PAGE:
Amplitude Review - Easy To Learn, Hard To Master

I did not own a PlayStation 2. There it is. I said it. My sixth generation console was the GameCube, Nintendo's last console before getting all Wii and stuff. Anyways, a small music game (exclusive to the PS2) gathered a loyal, hardcore fanbase. That game is called Amplitude. 12 years after the original game's launch, developer Harmonix decided it was time to bring the franchise back. And just like that, Amplitude is now available on the PS4. After playing the game for about 10 hours, I can say that while the game crashes and burns in some aspects, I finally see where people's fascination comes from.

So what is Amplitude about? Well, it's a fast-paced music game, alongside the lines of Guitar Hero or Rock Band. Expect that in Amplitude, you don't play one instrument. You play six of them. This makes things more difficult, but the whole experience can be more satisfying. Also, you don't need an expensive piece of plastic to play the game. And just like most music games, the objective is to play songs without messing up to build your streak, and ultimately get the highest score possible. Sounds easy huh? Well, it's not.

Let's start by talking about the element Amplitude absolutely lands: moment to moment gameplay. This game is just so much fun to play! Having six lanes/instruments was different, and instantly enjoyable. Trying to get high scores and 100% completion rates was exciting. And whenever my streak was broken, it was heartbreaking. Playing on a hard difficulty brings that challenge a lot of gamer desperately seek, meaning that it can be extremely frustrating at times. In a good way. The game is not unfair at all, and it controls great. Smooth, clean and crisp. Whenever I messed up, I knew it was because of my lazy fingers. Not because of the game.

Another thing I really dug about the game is the style. Unlike its contemporaries, Amplitude is not a simulation music game. It's an arcadey experience that has a ship (you) destroying music riffs to avoid exploding. While not as beautiful as some of the other arcade game on the PS4, the way they used colors and explosions was pretty neat. A lot of people I know complained about the game having a lack of modes, but I don't really feel that way. I mean, there's not a lot of modes, but considering the game's price (20$) I'm okay with what I got. The game's campaign mode is pretty original (it's treated like a sci-fi concept album), but it lasts less than two hours. Once you finish the campaign, you can replay the 30+ songs on four difficulties and you also have online and couch multiplayer. Again, not too much, but I wasn't expecting more. What I did have an issue with is the game's tracks.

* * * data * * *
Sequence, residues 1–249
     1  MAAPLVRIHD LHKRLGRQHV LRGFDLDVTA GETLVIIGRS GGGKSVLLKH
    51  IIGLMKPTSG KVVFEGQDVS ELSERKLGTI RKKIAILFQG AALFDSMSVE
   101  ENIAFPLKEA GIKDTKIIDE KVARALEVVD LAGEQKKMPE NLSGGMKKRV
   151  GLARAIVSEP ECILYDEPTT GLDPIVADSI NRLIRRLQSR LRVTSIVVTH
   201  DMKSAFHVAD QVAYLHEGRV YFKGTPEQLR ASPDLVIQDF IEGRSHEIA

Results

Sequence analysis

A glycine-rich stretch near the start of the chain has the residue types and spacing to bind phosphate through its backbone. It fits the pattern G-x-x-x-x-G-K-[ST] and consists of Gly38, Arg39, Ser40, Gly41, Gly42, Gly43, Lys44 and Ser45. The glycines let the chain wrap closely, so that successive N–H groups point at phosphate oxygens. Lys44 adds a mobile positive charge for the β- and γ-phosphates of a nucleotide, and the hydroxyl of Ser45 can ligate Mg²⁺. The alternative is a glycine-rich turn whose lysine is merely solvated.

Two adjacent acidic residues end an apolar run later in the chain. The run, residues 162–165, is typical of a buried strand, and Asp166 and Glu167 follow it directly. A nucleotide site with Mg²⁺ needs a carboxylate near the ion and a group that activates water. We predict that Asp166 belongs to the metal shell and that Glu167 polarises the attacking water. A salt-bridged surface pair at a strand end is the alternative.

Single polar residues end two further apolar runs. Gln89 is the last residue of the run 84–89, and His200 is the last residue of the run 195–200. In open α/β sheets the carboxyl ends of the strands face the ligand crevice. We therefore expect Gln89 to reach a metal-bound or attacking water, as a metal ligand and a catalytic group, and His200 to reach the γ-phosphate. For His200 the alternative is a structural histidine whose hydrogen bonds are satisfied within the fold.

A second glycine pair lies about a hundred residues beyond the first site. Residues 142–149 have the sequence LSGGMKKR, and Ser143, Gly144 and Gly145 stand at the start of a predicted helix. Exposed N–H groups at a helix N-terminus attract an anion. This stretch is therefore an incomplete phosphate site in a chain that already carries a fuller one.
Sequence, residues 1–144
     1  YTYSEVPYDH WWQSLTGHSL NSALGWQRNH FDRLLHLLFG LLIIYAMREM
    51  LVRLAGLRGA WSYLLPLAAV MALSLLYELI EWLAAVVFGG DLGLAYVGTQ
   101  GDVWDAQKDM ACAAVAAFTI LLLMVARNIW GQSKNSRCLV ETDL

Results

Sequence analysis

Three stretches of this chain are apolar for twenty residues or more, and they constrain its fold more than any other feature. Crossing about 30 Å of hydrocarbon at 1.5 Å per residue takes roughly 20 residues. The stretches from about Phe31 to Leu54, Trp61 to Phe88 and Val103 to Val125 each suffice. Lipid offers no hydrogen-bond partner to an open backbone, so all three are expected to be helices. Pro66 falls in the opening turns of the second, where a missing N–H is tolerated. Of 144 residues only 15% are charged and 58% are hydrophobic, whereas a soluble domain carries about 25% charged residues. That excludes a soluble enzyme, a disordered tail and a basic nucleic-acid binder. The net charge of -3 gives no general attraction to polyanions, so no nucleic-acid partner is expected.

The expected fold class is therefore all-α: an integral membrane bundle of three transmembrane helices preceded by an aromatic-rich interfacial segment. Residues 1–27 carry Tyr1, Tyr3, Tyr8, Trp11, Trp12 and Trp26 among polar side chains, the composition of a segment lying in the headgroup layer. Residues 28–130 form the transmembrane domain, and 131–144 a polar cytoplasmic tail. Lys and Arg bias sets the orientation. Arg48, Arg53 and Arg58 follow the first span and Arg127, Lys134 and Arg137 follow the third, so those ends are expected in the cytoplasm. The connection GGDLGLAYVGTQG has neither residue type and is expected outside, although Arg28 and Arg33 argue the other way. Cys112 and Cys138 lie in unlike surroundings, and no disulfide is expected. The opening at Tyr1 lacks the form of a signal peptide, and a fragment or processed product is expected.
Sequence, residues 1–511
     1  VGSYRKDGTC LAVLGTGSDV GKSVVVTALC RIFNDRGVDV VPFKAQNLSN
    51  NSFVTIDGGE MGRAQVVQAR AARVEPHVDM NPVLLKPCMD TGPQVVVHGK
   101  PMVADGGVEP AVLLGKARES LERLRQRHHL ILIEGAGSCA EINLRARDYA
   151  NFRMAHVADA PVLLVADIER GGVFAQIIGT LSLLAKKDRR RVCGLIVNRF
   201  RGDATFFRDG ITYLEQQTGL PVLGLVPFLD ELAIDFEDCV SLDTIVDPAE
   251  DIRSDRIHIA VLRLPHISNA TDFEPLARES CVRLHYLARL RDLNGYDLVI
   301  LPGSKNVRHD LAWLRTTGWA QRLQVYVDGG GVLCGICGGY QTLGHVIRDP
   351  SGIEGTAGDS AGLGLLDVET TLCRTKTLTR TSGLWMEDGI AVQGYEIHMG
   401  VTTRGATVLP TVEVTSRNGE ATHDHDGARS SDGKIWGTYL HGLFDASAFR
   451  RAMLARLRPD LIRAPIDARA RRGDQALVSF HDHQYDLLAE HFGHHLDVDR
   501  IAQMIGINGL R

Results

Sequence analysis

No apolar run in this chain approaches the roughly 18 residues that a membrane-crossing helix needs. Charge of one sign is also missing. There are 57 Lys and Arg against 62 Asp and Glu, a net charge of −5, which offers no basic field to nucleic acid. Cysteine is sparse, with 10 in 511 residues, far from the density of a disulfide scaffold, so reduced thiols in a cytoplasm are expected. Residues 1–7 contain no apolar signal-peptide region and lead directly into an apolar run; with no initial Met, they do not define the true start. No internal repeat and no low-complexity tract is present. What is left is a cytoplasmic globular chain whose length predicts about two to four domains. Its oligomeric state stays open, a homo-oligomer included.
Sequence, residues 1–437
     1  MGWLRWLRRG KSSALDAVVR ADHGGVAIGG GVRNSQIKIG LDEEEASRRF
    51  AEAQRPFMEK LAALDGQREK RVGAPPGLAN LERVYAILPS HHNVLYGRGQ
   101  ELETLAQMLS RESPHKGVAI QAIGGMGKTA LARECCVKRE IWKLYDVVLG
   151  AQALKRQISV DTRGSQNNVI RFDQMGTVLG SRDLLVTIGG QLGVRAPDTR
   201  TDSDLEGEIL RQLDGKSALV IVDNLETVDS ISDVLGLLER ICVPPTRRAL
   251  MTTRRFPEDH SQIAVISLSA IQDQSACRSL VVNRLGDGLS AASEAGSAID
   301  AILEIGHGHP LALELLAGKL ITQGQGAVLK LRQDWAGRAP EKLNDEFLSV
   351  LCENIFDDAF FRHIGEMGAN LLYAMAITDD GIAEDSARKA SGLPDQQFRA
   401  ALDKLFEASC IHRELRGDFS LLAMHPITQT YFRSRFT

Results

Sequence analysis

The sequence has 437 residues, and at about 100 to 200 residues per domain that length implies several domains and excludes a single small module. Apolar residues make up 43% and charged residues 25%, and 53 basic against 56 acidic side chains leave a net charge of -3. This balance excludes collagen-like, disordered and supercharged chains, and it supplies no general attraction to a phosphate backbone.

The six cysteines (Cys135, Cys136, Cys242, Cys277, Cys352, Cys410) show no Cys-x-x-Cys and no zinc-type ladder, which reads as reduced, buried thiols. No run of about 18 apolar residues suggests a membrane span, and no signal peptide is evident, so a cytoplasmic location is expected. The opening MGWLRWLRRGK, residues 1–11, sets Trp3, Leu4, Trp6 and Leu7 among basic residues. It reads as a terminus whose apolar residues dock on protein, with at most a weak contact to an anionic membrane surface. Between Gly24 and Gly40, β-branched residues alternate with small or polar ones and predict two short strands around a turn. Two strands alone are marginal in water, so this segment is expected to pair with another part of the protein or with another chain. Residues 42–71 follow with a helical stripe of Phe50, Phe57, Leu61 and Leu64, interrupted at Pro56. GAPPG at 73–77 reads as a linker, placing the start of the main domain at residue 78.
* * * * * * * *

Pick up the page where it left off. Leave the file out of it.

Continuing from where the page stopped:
This is the biggest issue I had with the game: the game's tracks are pretty weak. To me, Amplitude is at its best when you're trying to be as quick as you can so your streak doesn't die, while a banging beat is destroying your ears. Sadly, the beats in here are not really good. First off, there's no known music. The first Amplitude had songs by Blink-182, Run-D.M.C. and more. But that's not really the issue. The 30+ tracks Harmonix either created or got from other indie games are mostly forgettable. There's not enough genre variety, and while eight or nine songs were actually impressible, the rest were slow, mediocre or boring. This takes away from the game's replayability and overall quality. Which is a shame, considering how much better the game would be with a better setlist.

Verdict: Amplitude is a good experience. The game is fun, challenging and pretty unique. When the game is at its best, it's one of the most enjoyable music game I've ever played. Sadly, a mediocre setlist keeps the game from reaching its full potential.

The Good
- Gameplay 
- Score Chasing
- Arcadey Style

The Bad
- Mediocre Setlist

I Give Amplitude a 7.3 out of 10

Developer: Harmonix
Publisher: Harmonix
Format: PS3, PS4 (reviewed)
Released: January 5, 2016

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